In the late 1990s when then BP chief executive John Browne claimed he was moving the oil company “Beyond Petroleum”, industry wags dubbed it “Beyond Parody”. They were entirely right. For the next 20 years, BP made only token investments in clean energy while buying other oil majors and expanding production relentlessly. Even the massive 2010 Deepwater Horizon oil spill disaster in the Gulf of Mexico, which badly damaged BP’s reputation and cost it at least $30bn in fines and lost production, didn’t change their petroleum-first culture.
But that appears to have changed this week (Report, August 5) as BP pledged to increase low carbon investments tenfold to $5bn annually while reducing oil and gas production by 40 per cent over the next decade.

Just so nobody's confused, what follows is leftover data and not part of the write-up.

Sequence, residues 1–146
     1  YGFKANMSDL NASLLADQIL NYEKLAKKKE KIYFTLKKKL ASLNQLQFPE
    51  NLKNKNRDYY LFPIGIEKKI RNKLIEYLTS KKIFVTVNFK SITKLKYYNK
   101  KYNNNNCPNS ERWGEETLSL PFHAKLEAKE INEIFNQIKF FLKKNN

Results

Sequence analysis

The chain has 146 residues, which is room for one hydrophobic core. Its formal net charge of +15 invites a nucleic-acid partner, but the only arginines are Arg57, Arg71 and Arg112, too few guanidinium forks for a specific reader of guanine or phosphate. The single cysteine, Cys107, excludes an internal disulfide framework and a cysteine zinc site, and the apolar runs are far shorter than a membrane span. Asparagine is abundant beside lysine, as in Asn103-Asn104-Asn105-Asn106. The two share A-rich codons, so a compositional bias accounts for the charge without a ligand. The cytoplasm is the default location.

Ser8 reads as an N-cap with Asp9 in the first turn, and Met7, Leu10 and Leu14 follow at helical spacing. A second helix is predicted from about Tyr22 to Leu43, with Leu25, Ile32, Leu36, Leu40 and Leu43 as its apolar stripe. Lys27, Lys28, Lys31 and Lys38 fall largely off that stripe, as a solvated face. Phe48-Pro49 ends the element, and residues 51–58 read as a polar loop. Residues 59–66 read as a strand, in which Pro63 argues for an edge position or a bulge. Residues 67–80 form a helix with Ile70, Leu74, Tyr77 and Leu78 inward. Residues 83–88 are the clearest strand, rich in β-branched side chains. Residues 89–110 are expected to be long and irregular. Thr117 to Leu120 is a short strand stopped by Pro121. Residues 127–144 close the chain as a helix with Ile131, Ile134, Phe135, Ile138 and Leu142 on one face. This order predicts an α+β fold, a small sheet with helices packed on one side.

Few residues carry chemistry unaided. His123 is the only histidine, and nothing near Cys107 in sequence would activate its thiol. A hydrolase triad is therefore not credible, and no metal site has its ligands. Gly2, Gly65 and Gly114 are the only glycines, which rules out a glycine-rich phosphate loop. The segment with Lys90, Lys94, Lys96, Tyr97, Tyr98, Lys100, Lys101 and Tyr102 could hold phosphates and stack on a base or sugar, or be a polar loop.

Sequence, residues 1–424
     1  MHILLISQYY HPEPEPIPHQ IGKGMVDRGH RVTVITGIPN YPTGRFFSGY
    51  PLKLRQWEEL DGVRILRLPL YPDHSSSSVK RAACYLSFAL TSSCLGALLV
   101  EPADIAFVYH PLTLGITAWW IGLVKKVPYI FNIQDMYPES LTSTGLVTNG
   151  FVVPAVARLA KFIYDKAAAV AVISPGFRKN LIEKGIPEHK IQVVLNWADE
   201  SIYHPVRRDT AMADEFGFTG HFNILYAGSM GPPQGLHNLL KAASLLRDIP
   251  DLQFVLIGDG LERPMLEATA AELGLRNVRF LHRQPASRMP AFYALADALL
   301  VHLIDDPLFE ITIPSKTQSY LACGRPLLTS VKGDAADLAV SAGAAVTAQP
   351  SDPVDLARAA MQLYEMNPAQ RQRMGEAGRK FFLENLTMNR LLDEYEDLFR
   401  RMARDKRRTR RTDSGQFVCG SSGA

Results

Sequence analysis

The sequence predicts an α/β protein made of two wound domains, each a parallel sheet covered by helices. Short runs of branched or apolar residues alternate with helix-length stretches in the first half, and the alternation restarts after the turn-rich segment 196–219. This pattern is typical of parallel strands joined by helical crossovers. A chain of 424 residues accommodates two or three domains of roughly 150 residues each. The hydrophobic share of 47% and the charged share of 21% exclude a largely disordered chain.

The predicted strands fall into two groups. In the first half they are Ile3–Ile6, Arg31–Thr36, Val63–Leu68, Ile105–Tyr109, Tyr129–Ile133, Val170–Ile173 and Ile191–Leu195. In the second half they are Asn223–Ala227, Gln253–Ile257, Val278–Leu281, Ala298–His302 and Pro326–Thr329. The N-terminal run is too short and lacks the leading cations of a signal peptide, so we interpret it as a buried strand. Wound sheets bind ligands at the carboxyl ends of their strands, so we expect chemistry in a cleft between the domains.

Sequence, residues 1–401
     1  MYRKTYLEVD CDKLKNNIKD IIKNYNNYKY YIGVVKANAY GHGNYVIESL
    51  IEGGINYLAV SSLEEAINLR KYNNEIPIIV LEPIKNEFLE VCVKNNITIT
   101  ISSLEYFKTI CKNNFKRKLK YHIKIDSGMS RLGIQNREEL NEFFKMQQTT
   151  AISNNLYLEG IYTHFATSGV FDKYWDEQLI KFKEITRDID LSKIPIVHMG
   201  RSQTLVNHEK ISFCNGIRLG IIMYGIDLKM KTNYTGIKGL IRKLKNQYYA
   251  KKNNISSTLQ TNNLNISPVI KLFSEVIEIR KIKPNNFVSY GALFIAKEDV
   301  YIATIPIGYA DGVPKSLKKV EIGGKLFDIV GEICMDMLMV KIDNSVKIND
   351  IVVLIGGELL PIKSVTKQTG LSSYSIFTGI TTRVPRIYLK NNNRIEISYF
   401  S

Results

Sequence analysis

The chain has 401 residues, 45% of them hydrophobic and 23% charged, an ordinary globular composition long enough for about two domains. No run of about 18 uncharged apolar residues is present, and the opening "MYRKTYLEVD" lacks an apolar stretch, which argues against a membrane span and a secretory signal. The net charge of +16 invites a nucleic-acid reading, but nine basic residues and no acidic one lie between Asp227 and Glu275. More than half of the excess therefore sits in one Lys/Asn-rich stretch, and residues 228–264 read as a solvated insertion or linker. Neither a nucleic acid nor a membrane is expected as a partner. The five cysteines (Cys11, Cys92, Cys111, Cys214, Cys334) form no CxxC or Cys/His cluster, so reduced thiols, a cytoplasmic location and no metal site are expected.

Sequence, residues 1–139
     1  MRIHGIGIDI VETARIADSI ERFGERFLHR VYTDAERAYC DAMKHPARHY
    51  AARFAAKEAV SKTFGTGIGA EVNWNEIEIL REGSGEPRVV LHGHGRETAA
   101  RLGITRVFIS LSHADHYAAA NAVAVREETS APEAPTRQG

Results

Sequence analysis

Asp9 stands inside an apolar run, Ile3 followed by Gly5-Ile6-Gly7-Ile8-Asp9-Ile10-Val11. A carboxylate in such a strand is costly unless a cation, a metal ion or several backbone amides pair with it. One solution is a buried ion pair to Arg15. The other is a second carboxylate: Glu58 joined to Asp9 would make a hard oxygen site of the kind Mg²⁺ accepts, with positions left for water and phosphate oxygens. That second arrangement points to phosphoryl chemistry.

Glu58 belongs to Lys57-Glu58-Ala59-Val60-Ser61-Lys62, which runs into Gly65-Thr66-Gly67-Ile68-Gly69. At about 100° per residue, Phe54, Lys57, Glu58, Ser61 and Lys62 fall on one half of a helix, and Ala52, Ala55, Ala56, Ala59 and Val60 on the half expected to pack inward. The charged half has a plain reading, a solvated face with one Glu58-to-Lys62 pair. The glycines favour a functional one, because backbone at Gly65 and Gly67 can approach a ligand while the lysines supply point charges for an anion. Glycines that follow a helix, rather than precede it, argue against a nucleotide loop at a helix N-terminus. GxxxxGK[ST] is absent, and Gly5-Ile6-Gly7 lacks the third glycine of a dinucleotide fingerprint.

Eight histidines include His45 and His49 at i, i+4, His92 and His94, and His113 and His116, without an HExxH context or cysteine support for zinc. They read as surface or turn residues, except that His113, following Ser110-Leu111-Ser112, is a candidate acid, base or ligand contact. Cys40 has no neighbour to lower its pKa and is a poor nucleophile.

If enacted, this represents by far the most thoroughgoing transition by an oil major away from fossil fuels and toward clean energy. But it is hardly selfless. Many studies now find clean technologies are more profitable than gas and oil, as the cost of wind, solar, electric vehicles and other clean options have fallen dramatically, even absent inclusion of massive externality costs of climate change. If BP gets it right and becomes more profitable, the movement “beyond petroleum” for the entire oil industry will have truly begun.
Center for Environmental Policy
School of Public Affairs
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